The only sort of downside to this approach is that sometimes we don't get to some of the things that I was actually looking forward to getting to.
To his credit, last session he made an effort to cover things that didn't get covered last time... but, of course, that ends up eating into the time we have for this session.
It can be a bit frustrating... but hey, every style has it's weakness.
Anyways, I'm all for learning more about structure and sub-text... adding more layers to my writing and writing wicked climaxes.
So, yeah, consider me stoked for tonight.
Class starts in about an hour... more to come after the fact.
Tuesday, March 16, 2010
I sat down today with the idea of updating my Chuck spec, to place it more solidly in the 3rd season and help it not seem dated in the light of recent seasonal events.
A good eight hours later... I've decided it's not worth it.
There's 'updating' and then there's 'throwing-out-everything-you-loved-about-the-story-to-make-it-fit'.
So I've decided that, quite frankly, this script can't really be updated... not if I want to tell the same story.
And yes, it's entirely my own fault for gambling in such a way.
I could've just kept it firmly in season 2 (I wrote it as occurring early in the 3rd season) instead of taking a crap-shot at where it'd all end up.
But I did.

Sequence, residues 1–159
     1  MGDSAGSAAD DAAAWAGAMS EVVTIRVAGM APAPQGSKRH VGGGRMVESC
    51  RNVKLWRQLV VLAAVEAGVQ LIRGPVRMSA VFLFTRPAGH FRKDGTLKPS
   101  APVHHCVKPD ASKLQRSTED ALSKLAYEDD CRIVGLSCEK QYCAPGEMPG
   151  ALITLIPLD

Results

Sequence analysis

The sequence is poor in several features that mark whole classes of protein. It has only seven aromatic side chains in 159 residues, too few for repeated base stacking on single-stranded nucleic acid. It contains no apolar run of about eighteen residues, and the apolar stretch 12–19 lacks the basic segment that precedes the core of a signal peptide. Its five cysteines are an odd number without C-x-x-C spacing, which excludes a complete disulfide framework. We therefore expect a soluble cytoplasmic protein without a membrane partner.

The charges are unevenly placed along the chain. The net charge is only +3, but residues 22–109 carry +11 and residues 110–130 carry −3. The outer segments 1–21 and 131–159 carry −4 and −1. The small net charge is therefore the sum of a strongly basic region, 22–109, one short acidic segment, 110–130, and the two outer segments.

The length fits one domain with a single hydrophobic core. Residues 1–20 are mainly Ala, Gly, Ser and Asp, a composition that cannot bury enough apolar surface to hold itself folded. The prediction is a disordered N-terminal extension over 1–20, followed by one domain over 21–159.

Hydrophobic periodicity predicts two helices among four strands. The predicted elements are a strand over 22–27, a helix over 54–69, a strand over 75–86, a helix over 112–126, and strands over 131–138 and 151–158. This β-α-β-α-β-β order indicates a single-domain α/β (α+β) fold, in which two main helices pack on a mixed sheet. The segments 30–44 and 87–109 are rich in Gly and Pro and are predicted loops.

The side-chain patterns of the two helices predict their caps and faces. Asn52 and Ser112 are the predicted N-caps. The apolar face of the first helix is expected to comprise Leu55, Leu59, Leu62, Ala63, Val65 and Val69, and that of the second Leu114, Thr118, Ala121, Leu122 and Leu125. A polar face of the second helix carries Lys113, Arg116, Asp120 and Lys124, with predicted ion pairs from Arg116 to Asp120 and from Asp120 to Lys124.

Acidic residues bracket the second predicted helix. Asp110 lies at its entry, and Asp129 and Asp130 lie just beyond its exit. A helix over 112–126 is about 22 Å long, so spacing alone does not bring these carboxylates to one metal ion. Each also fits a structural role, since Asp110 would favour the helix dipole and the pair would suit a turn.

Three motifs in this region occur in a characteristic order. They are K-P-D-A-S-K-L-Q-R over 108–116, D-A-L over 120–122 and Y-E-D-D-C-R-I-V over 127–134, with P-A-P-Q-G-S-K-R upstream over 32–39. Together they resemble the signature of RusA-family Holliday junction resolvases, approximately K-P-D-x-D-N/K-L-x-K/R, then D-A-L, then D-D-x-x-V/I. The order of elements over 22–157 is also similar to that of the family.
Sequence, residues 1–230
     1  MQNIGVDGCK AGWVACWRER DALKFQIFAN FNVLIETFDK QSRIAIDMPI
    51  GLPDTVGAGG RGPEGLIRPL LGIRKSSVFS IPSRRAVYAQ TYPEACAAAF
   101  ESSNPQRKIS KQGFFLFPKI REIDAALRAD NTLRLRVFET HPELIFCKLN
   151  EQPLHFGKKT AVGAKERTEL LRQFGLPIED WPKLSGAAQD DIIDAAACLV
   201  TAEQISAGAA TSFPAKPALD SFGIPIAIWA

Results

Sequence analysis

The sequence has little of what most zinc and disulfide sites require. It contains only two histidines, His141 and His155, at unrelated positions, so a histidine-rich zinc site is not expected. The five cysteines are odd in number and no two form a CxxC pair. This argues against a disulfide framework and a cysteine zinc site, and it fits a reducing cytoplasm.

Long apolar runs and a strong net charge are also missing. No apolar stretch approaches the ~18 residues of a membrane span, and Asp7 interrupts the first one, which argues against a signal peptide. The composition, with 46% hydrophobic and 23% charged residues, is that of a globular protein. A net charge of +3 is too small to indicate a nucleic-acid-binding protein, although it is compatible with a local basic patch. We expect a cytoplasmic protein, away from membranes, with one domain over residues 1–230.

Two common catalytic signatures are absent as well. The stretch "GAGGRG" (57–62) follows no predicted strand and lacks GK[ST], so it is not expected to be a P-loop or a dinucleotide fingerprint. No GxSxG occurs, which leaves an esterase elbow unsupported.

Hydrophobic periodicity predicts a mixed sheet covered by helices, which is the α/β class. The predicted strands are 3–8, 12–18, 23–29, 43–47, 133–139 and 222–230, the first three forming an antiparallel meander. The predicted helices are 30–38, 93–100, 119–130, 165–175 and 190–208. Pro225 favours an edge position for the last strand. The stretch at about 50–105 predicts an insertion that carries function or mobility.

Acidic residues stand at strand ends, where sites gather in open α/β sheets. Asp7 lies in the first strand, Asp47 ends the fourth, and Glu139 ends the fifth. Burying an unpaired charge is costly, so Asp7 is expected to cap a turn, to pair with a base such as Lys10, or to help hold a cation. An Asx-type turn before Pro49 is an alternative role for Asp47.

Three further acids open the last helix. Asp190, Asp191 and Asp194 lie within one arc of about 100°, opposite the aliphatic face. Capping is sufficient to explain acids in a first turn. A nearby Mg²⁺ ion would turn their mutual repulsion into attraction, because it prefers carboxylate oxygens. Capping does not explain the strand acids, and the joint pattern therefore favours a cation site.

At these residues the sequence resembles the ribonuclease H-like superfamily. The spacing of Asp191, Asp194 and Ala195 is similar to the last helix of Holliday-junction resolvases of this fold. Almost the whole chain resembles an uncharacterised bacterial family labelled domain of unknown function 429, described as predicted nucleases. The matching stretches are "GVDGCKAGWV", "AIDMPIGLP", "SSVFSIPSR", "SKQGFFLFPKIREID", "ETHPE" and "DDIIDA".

And such is the nature of the gamble.
In a lot of ways it's perfectly fine... I still think it's a fantastic story and I love how it turned out... it's just not Season 3.
You may not be watching Chuck this season but if you are you may have noticed that it's done that long, slow waltz down emo alley... and the further we get into it, the more my script sticks out like a sore thumb.
My episode is light and fun and, well the show really isn't light and fun anymore.
Not in the way it used to be.
So rather than 'updating' I decided, instead, to go back and just make it the best gawd-damn 'Chuck' story I can.
Forget about seasons or who's supposed to be there or who never came back (I miss you Anna!).
I went and I did my best to cap off what I consider to be some damn-good Chuck TV.
Even now, looking over the end product... I'm still proud of it.
And that's good enough.
I've done all I can.
Time to move on.
(which I am)
So, in that vein of moving on, I've decided to post it up here on the blog.
Over there on the side bar.
Feel free to download and read it at your leisure -- if you like it or hate it, I'm all ears.
Monday, March 15, 2010
This' my second stab at writing a TV bible -- and first shot at making a bible for a comedy series. The first shot was the bible I wrote for Savage Knights many, many moons ago.